Job scams are fraudulent job offers or employment schemes that trick individuals into providing personal information, paying money, or performing work without proper compensation. These scams often promise high-paying jobs with little or no experience required, and they may use fake job postings, emails, or websites to lure in unsuspecting victims.
Examples of common job scams include:
Work-from-home schemes that require upfront payment for training or materials
Jobs that involve cashing fake checks or transferring funds on behalf of the employer
Offers to start a business or be a "mystery shopper" that require an upfront fee
Requests for personal information such as social security numbers, bank account information, or credit card numbers for employment purposes
It is important to be cautious and do research when considering job offers, especially if they seem too good to be true or if the hiring process seems suspicious. Legitimate employers typically do not require personal information or money upfront and will provide a clear job description and salary information.
What To Look Out For
Be cautious of job offers that seem too good to be true or that require you to pay a fee or provide sensitive information. Legitimate job offers will not require you to pay money or provide sensitive information such as your passport or visa details.
Research the company or recruiter before providing any personal information or scheduling an interview. Look for the company's official website, read reviews and testimonials, and check if they have a physical location.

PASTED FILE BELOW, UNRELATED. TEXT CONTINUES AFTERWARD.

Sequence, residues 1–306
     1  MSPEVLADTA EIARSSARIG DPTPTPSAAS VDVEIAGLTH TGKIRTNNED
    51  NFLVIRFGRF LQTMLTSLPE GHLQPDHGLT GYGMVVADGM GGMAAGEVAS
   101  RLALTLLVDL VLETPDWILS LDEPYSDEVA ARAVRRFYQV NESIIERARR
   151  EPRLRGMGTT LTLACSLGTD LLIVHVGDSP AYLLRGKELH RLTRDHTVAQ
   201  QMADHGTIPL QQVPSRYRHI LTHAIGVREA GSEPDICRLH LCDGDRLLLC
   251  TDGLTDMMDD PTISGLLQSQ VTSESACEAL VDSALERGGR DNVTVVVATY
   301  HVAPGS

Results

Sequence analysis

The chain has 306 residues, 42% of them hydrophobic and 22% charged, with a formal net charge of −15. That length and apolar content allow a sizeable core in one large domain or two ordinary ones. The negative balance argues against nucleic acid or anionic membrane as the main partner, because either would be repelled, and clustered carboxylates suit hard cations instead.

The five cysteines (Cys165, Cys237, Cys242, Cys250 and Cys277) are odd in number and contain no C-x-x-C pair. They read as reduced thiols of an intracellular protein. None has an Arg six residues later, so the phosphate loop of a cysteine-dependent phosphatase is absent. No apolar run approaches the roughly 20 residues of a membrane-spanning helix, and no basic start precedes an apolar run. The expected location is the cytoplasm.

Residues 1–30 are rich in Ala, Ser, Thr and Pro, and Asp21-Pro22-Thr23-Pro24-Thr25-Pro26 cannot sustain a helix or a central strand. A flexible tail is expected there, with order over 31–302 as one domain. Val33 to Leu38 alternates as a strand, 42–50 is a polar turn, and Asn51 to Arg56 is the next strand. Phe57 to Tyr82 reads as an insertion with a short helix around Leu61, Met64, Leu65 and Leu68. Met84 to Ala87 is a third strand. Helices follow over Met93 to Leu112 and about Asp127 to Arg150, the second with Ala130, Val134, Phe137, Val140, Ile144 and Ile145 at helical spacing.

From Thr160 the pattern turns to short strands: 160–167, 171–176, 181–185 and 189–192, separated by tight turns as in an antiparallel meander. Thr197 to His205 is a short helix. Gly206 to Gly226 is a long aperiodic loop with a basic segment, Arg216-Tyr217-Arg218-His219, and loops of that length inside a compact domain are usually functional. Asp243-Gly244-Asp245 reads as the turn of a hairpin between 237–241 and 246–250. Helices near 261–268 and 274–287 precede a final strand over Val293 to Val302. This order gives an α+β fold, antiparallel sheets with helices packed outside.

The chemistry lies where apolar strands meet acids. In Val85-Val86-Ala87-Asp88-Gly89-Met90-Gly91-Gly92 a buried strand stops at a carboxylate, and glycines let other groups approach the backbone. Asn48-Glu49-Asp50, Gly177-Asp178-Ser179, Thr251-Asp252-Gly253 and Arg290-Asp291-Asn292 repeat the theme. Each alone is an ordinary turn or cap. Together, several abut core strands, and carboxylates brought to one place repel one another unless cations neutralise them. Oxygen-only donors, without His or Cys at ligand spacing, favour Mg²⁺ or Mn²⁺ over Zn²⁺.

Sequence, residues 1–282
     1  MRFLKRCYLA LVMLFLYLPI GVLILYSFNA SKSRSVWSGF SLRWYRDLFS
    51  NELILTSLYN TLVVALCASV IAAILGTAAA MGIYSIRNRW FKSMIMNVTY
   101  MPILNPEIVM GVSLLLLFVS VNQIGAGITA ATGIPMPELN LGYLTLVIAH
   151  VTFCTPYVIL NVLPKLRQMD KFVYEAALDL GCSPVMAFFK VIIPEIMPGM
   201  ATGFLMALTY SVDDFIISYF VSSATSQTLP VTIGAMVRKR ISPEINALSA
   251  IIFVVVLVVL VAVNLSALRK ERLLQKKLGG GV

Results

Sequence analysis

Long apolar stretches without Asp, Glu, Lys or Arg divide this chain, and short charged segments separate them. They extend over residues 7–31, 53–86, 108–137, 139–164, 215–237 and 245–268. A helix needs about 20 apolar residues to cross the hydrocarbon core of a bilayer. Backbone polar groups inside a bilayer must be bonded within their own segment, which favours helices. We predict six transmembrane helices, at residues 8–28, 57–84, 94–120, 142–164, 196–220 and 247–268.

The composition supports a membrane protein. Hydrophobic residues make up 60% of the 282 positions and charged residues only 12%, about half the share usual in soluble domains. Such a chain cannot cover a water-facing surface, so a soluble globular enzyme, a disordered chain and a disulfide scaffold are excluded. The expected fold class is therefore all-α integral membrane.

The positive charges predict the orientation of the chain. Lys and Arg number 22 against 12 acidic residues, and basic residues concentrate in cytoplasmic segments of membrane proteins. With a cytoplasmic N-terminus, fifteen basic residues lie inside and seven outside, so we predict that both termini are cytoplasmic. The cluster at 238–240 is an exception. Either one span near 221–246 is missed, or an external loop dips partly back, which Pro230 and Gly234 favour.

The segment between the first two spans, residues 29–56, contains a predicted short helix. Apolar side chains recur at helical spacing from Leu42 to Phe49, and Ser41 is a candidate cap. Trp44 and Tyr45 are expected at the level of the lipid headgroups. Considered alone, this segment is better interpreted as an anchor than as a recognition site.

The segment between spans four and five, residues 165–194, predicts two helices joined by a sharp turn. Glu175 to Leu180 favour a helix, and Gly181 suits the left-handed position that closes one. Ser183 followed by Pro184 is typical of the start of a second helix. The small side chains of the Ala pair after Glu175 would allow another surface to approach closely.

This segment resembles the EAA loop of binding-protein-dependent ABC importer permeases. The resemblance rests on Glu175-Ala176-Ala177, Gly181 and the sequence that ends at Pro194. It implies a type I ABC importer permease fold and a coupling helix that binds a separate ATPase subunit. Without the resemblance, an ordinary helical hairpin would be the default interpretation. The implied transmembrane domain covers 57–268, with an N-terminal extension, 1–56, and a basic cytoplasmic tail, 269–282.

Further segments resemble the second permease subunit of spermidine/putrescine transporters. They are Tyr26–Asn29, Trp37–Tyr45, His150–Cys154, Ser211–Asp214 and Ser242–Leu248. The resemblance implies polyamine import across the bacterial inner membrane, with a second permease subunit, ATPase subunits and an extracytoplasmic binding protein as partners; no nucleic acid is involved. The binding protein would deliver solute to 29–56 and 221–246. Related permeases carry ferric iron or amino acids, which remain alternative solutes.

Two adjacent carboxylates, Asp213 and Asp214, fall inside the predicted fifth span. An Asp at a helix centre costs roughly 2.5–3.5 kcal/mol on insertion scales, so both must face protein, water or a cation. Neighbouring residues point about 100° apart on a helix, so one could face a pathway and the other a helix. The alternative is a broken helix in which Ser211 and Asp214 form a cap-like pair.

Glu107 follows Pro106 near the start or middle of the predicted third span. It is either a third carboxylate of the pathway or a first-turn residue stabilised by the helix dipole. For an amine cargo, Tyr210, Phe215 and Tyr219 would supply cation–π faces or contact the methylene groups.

Be suspicious of generic emails or job offers that do not address you by name. Scammers often use this method to contact multiple victims at once.
They ask for your personal information or payment before you have had a chance to interview or to verify their legitimacy.
If you receive a suspicious job offer or email, do not respond. Instead, report it to the proper authorities immediately.
Here is what a job scam email could possibly look like:
It's important to remember that legitimate job offers will not require payment or sensitive information, and they will typically conduct interviews and background checks before making a job offer. If you are unsure about the legitimacy of a job offer, do your research, and reach out to the Office of Career Services or the Office of Information Security.
What if a student is already involved in a scam?
Symplicity called the Federal Trade Commission (FTC) and received the following instructions for schools to share with students who have responded to fraudulent postings.
The student should immediately contact the local police. The police are responsible for conducting an investigation (regardless of whether the scam artist is local or in another state). At RIT, start with Public Safety, 585-475-2853
If it is a situation where the student has sent money to a fraud employer, the student should contact their bank or credit card company immediately to close the account and dispute the charges
If the incident occurred completely over the Internet, the student should file an incident report with the: http://www.justice.gov/criminal-ccips, or by calling the FTC at: 1-877-FTC-HELP (1-877-382-4357).